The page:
You’re humming that John Williams music right now, aren’t you?
No one would blame you. It’s an earworm, a catchy piece of movie music that will stay with us long after everyone connected with the movie is gone. The movie that spawned it is something of a cinematic earworm, a movie whose shots get in your head and refuse to go away no matter how many times you see them (or see them parodied, imitated, and ripped off). No one would assign to it the dramatic aspirations of later Steven Spielberg movies like Amistad or Munich, and most people don’t know that it won five Oscars* or that it was nominated for Best Picture.** It was seen as a perfect piece of pop filmmaking, which it was, but pop filmmaking doesn’t endure this long without having something more behind it.
I always do a plot summary in these reviews, but I’m pretty sure everyone already knows that this is the story of Indiana Jones (Harrison Ford) trying to retrieve the Ark of the Covenant from the Nazis. George Lucas conceived the character of Indiana Jones when trying to come up with a hero who would be even more fun than James Bond, and he went back to the old cliffhanger serials of the 1940s and 1950s for inspiration. He recruited his friend Steven Spielberg to direct because Spielberg needed a little help: he was fresh off of the historic bomb 1941 and Jaws seemed so very long ago.
If Jaws, or Close Encounters of the Third Kind, had not settled it then this film did: Steven Spielberg is a master. There are no wasted shots, and the camera is always in the correct spot. There is a perfect feel for when the movie needs to be gory (and for a family film, it’s surprisingly gory) and when it needs to be funny. Just consider the opening sequence: even in the pre-internet era, most everybody going into the movie knew that the guy in the hat was Indiana Jones and that he was played by Harrison Ford. But Spielberg shoots him in shadow anyway, hiding the hero from us until there’s a time for a great reveal. This is a great way to suggest that Indy might not be the nicest of good guys, that there might be something darker and more mysterious to him.
I don’t know if Lawrence Kasdan’s screenplay (from story work by Lucas and veteran director Philip Kaufman) gets enough credit. See, Raiders of the Lost Ark is an homage to a certain genre of movie while at the same time being infinitely better than every example of that genre one could find. Most of the old serials were the hackiest pieces of hackwork that any hack ever hacked out, but this one is not. Its action set-pieces are intricately constructed in a way that can only start from a great screenplay, and its dialogue is as razor-sharp as a screwball comedy. The following exchange never fails to make me laugh out loud:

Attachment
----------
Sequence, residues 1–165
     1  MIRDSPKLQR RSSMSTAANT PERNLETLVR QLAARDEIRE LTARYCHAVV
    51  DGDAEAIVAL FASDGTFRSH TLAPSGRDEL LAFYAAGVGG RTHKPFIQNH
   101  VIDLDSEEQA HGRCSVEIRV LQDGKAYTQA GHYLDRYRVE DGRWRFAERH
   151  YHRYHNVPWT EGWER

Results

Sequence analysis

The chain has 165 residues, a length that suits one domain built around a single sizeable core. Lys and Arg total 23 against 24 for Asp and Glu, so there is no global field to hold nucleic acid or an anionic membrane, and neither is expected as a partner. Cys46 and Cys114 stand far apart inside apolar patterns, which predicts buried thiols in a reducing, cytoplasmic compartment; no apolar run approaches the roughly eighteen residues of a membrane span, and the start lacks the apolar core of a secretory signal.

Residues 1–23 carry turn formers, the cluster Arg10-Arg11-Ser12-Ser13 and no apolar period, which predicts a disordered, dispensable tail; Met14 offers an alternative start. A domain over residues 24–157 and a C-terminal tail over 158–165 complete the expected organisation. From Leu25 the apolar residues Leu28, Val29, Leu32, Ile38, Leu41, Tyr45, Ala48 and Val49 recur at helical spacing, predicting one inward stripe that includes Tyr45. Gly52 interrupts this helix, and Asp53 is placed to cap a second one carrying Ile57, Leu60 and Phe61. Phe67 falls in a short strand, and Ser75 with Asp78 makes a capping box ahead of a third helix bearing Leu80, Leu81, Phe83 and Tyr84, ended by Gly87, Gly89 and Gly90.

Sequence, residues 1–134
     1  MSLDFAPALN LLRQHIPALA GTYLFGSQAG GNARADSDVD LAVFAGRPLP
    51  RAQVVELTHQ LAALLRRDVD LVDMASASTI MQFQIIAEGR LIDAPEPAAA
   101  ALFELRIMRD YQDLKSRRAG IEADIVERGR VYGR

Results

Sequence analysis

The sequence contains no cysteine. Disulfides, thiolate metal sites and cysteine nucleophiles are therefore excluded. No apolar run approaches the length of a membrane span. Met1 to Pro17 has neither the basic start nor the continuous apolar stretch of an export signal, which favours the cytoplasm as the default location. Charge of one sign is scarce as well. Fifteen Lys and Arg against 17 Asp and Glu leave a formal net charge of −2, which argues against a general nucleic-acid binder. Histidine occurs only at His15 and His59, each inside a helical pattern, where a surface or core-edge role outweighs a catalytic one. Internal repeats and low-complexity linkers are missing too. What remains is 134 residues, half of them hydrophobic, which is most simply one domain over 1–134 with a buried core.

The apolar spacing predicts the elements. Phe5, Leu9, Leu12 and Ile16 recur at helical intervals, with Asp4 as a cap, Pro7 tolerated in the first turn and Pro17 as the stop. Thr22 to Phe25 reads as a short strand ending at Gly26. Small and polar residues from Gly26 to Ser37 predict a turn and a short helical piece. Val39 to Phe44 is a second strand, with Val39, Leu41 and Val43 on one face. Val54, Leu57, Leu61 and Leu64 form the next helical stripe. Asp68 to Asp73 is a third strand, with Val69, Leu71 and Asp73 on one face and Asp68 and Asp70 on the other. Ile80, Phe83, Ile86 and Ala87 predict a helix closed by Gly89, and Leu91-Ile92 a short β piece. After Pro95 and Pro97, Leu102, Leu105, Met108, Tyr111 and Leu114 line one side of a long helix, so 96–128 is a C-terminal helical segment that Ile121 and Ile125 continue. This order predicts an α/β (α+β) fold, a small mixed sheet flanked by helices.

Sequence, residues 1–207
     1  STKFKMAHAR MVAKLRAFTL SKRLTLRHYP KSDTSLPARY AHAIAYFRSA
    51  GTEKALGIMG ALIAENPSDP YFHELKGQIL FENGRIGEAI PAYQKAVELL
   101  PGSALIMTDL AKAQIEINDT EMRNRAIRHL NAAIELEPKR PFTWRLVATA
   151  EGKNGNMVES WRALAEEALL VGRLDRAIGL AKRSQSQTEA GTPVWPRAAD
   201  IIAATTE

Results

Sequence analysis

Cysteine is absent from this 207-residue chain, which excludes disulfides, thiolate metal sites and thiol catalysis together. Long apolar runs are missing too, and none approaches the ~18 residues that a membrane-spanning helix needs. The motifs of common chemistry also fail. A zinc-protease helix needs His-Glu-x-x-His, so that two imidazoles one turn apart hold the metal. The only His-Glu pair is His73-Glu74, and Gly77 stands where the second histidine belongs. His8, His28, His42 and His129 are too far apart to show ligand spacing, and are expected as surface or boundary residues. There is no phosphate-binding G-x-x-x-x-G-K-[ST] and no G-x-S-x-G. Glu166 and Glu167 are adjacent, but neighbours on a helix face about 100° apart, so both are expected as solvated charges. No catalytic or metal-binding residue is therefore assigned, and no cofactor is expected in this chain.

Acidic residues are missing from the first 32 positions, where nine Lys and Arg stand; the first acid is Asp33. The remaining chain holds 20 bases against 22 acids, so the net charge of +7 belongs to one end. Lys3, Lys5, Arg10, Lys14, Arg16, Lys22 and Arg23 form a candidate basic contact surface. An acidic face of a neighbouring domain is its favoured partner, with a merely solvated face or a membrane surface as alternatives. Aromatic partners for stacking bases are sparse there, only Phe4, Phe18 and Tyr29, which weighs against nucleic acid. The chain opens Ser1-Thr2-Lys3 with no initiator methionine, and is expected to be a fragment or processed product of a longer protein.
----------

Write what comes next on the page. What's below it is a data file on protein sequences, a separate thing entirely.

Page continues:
[Everyone looks solemnly at a biblical picture of the Ark destroying an entire army.]
Army Intelligence Agent: Good God.
Marcus Brody: Yes, that’s just what the Hebrews thought.
Past all of the surface, though, I love this screenplay’s conception of God. I’m not much of a religious person myself, but if I were to believe in God, it would not be the optimistic God of love that you hear so much about these days. If the Old Testament is true then God is one bad Dude, making stringent demands of His believers and smiting the crap out of them if those demands are not met. This movie does a fine job of selling that fact: remember, Indy and Marion (Karen Allen) would have melted too, if they had opened their eyes.
This is the secretly awesome thing about the Indiana Jones series, even in the less-good films: it takes the time to show us why the bad guys are, in fact, bad. A common assumption in life is that “we’re the good guys,” where “we” might be your favorite sports team, a character in a movie, a company, the U.S. government, etc. The problem is that you can’t just assert that position, especially when you’re dealing with an angry omnipotent God. You have to prove that you’re good by, well, doing good. Even when it’s the Nazis across the way, you still have to prove it, because that’s the burden of being the good guy.
The Nazis are desire the Ark’s power for themselves rather than leaving it to He whom it belongs, an inherently evil desire. The Nazi-employed archeologist Belloq (Paul Freeman) tells Indy throughout the film that they are not so different, and they really aren’t. Both men would lie, cheat, and kill in search of their prize, so they’re both raiders of the lost Ark … until the true power of the Ark becomes the issue. At that point Indy is able to close his eyes, symbolically acknowledging that the Ark is a greater power than he can understand. The Nazis don’t, and are smote. The hacky old serials would just say, “he’s the good guy”, but Indiana Jones gets a chance to prove it.
Plus, he has the awesome theme music.
Reviewed by Mark Young
*Best Art Direction, Best Film Editing, Best Sound, Best Visual Effects, and a Special Achievement Award in Sound Effects Editing which was created specifically to honor the film. Amazingly, John Williams’ music did not win an Oscar that year, losing to Chariots of Fire, although he would later win for Indiana Jones and The Last Crusade.
**Chariots of Fire also won Best Picture. The other nominees that year were Reds, Atlantic City, and On Golden Pond.